Earlier this morning, as I watched with delight as hundreds of precious children made their way to the not-so-hidden Easter Eggs, I could not help but also think with sadness of Kenya, where 147 equally precious Christian university students were mercilessly and savagely executed because of their Faith.
For all the times I have hoped that I would be able to die for my Faith, they did. And I will feel privileged to one day meet them in God’s new world.
Today we remember, even celebrate that Jesus not only died but was also buried. The grave has as much a role in the redemptive drama of God and His people as every other aspect of the narrative. To the grave Jesus took our sin. In the grave He experienced the isolating silence and darkness of death.
Separation and finality accompany a grave. Each time I conduct a funeral, the most painful moment comes when the casket is lowered into the ground. Within days families in Kenya will bury their dead. It is at the grave that we say our farewells.
Today we reflect on the solemnity, sorrow and indignity of death’s sting. Most can’t relate to the Crucifixion, but all understand that the grave awaits us.
Were you there when they laid him in the tomb
Were you there when they laid him in the tomb
O, sometimes it causes me to tremble, tremble, tremble
Were you there when they laid him in the tomb
John Wesley Work, Jr. Frederick J. Work
Whenever unspeakably horrible things happen, like what occurred in Kenya, the worst in me comes out, because the very sin that drove such acts of violence finds residence in my heart in the form of hatred and revenge – I too bear the markings of the curse.
And it is for this reason, that the gospel teaches that our only comfort can only ever be found in Jesus. In Jesus, in spite of the violence and sorrow of the fall, in and outside of us, because He ‘died and was buried,’ even the grave is not a place the Father is unwilling to go to care for us, His beloved children.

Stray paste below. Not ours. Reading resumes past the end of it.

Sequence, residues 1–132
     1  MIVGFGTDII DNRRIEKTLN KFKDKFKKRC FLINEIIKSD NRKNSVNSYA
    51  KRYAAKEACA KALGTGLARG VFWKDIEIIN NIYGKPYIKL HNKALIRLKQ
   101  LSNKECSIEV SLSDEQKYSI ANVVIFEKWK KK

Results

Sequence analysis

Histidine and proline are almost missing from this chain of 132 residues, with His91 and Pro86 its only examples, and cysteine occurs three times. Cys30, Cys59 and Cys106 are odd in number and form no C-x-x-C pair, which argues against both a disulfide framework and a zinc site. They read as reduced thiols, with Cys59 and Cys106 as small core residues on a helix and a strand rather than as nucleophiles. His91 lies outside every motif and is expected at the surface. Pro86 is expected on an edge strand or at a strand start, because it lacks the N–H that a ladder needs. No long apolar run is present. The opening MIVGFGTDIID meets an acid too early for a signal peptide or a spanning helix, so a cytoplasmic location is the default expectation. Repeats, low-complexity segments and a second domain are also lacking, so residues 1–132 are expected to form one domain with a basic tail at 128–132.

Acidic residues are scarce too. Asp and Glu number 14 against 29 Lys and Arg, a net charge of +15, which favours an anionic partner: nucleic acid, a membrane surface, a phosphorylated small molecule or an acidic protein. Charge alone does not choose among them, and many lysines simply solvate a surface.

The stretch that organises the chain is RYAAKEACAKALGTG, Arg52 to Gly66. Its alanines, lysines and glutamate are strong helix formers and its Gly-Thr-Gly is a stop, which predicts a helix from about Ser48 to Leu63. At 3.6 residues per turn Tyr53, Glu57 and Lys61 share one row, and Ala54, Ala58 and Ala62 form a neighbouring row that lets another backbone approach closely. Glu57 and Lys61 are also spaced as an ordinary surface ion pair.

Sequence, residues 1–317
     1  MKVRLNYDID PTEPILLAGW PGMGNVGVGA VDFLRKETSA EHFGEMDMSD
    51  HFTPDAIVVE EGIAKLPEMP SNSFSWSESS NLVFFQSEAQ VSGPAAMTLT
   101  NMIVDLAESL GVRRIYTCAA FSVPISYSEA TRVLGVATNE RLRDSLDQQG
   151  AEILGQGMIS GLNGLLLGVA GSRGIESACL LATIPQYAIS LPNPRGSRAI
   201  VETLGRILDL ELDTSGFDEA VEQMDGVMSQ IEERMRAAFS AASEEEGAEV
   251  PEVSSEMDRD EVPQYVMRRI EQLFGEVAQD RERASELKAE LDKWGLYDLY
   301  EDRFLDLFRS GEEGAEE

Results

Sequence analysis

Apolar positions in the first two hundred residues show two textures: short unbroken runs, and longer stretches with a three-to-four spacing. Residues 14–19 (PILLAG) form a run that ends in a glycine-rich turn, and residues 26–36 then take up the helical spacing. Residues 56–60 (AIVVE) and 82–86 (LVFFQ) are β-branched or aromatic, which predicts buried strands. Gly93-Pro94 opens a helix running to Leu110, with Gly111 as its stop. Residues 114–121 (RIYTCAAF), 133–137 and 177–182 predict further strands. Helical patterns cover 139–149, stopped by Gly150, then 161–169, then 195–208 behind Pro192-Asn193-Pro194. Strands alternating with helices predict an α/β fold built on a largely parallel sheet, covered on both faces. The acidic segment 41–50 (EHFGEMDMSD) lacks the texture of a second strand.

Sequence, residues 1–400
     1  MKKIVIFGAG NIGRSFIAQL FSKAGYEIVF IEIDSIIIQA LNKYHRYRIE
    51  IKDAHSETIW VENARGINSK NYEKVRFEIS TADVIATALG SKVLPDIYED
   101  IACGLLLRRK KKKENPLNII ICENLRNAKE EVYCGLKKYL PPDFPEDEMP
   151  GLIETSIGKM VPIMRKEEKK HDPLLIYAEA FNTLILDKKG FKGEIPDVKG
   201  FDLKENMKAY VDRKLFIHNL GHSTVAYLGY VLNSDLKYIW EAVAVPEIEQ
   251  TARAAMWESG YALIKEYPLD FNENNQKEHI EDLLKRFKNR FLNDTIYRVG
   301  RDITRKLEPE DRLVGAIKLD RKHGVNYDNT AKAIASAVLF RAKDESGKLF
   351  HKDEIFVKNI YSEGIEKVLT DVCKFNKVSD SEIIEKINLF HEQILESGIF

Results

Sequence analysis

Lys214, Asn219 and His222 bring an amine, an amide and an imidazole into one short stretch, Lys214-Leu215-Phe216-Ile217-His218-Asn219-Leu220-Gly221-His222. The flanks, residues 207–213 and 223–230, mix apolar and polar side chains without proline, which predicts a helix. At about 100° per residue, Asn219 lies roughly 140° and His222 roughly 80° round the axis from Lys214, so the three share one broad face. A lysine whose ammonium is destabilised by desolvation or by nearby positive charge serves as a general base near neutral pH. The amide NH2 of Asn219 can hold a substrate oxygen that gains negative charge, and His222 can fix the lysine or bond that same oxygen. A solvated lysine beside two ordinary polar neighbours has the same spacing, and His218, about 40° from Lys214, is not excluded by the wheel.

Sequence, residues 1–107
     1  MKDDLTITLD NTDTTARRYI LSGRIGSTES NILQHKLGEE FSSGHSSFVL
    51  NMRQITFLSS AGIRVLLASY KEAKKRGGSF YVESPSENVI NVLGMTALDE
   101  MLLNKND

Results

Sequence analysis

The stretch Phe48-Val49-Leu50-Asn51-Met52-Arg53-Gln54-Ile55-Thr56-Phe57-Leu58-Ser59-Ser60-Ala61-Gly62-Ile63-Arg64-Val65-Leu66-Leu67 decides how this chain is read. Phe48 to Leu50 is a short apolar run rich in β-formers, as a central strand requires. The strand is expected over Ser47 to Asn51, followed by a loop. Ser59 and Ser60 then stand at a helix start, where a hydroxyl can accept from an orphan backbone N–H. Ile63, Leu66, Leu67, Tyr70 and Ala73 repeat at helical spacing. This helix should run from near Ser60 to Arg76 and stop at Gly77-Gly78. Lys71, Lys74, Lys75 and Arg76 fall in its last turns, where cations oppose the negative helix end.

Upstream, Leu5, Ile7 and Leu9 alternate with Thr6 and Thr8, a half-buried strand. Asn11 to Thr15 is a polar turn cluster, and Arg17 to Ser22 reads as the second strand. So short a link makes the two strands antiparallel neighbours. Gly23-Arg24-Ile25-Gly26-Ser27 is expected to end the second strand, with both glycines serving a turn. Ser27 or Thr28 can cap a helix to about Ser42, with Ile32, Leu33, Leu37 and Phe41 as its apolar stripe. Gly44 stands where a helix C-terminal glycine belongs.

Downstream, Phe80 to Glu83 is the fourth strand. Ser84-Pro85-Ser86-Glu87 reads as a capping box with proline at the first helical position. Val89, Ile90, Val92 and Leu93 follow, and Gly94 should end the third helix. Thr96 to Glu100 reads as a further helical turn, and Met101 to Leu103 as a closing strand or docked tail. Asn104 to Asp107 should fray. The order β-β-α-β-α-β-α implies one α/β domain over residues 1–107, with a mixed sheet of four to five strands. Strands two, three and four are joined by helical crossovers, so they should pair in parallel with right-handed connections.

Friends, this is our good news…
“O Father, Giver and Sustainer of Life,
We praise you for the promise of a renewed world,
when Heaven and Earth will one day become one,
and suffering and sorrow, tears and illness are gone,
and justice and peace embrace in your Kingdom.
Our hearts are broken for brothers and sisters we will not see,
until we are Home at the Feast.
Be with their families and friends.
Bring comfort that only Jesus, who suffered for us, can give.
Redeem their tears and meet them in their terror and sorrow.
Bless them, for they have been persecuted for your sake.
And cause the Easter hope to somehow find residence
in their broken hearts and devastated communities.
Through Jesus. Amen.”
March 28, 2015 § 1 Comment
“Despair and hope. They travel the road to Jerusalem together, as together they travel every road we take – despair at what in our madness we are bringing down on our own heads and hope in him who travels the road with us and for us and who is the only one of us all who is not mad. Hope in the King who approaches every human heart like a city. And it is a very great hope as hopes go and well worth all our singing and dancing and sad little palms because not even death can prevail against this King and not even the end of the world, when end it does, will be the end of him and of the mystery and majesty of his love. Blessed be he.”
This past week a dear woman died of cancer. You may have heard of Kara Tippetts, a young wife and mother in Colorado, who, along with her husband Jason, a church planter, and their four precious children, chronicled their journey and their hope in Jesus. Their story is profoundly inspiring.
Cancer and Death, Jesus and Hope – How can this be?
For those who may not know, Palm Sunday is the celebration of Jesus’ entrance into Jerusalem one week before His crucifixion. It was the time of the Jewish Passover, and hundreds of thousands filled the city, many of whom converged on Jesus as He rode in, believing Him to be their promised Deliverer (which He was, only not as they expected).
Every emotion was captured in the moment. The crowd expressed elation. Critics seethed. Children cried out.
But Jesus wept.
Through His tears, He cried, “Would that you, even you, had known on this day the things that make for peace! But now they are hidden from your eyes” (Luke 19:42).